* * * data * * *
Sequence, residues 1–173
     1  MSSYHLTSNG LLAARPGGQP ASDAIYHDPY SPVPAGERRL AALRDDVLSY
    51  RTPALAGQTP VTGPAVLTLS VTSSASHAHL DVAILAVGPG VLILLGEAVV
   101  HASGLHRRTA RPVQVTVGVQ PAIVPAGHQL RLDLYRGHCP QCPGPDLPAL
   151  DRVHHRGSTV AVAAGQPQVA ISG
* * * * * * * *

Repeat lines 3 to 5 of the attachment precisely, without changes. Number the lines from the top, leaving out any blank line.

    51  RTPALAGQTP VTGPAVLTLS VTSSASHAHL DVAILAVGPG VLILLGEAVV
   101  HASGLHRRTA RPVQVTVGVQ PAIVPAGHQL RLDLYRGHCP QCPGPDLPAL
   151  DRVHHRGSTV AVAAGQPQVA ISG